The Whitney Young School of Honors and Liberal Studies is named in honor of the distinguished civil rights activist and KSU graduate Whitney M. Young, Jr.
Born in 1921 in Shelby County, KY (about twenty miles east of Louisville), his primary schooling was at the Lincoln Institute where he graduated as class valedictorian. The Institute was a boarding school run by his father; his mother also taught at the school. Whitney attended Kentucky State College where he was a solid student and graduated in 1941. At Kentucky State he met Margaret Buckner, who was later to become his wife.
During the Second World War, Young served in an anti-aircraft company of African American soldiers with white officers. In the Army he first practiced what was to become his special talent: serving as a liaison between the African American community and the established power structure.
After the war Young earned a Masters in Social Work at the University of Minnesota. He became a university lecturer and by 1954 was dean of the School of Social Work at Atlanta University. Active in the NAACP, Young became president of its Georgia branch. While a visiting scholar at Harvard University, he was named executive director of the Urban League, a position which he held for ten years, beginning in 1961. In this post he managed to increase the budget of the organization and to create thousands of new jobs for African Americans.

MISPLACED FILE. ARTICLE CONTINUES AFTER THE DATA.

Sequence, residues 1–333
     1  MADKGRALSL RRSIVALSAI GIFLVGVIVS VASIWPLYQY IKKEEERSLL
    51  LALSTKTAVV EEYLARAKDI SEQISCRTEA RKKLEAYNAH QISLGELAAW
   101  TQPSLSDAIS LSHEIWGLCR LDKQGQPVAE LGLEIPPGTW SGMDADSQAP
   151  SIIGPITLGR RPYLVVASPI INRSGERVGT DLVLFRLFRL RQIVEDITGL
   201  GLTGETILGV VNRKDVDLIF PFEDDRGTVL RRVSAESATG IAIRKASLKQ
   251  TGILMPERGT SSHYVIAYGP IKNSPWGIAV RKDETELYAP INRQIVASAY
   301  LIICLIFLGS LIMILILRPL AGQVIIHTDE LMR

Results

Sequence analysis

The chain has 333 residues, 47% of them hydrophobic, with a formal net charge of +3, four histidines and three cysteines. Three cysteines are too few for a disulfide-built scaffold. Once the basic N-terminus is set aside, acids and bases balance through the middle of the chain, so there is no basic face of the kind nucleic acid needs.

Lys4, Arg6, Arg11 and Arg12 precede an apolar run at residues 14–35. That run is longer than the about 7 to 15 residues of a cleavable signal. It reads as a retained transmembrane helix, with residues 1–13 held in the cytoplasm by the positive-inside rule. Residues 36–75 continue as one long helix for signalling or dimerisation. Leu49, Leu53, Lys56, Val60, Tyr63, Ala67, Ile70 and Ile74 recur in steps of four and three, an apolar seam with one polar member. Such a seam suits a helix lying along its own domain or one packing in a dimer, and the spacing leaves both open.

Young was a charismatic, energetic, and charming person whose ability to establish personal relationships made it easier for him to make the demands of justice. The author of To Be Equal (1964) and Beyond Racism (1969), and the recipient of a Presidential Medal of Freedom in 1969, Young worked quietly to improve African-Americans’ condition in the community and at the workplace. He also took part in all the major civil rights demonstrations including the March on Washington on 28th August, 1963.
Young’s call for a domestic Marshall Plan influenced the policies of Lyndon Johnson. However, in 1969 Young broke with Johnson over foreign policy. He joined the campaign against the Vietnam War, arguing that it was diverting funds from domestic programs needed by the poor. On 11th March, 1971, Whitney Young drowned while swimming with friends in Lagos, Nigeria.
The Whitney Young School of Honors and Liberal Studies at Kentucky State University continues the legacy of Whitney M. Young, Jr. though its integrated and integrative education.
“A paramount function of education is the preparation of individuals to relate themselves comfortably to their fellow men. As long as people existed in a world where they were born, lived, and died in one little hamlet, never venturing more than ten miles from home, this preparation was unnecessary. But today, in an era of great mobility and interchange, of increasing contact with people of different colors, beliefs, and backgrounds, it is imperative to so educate our children.” – Whitney M. Young, Jr.Print This Page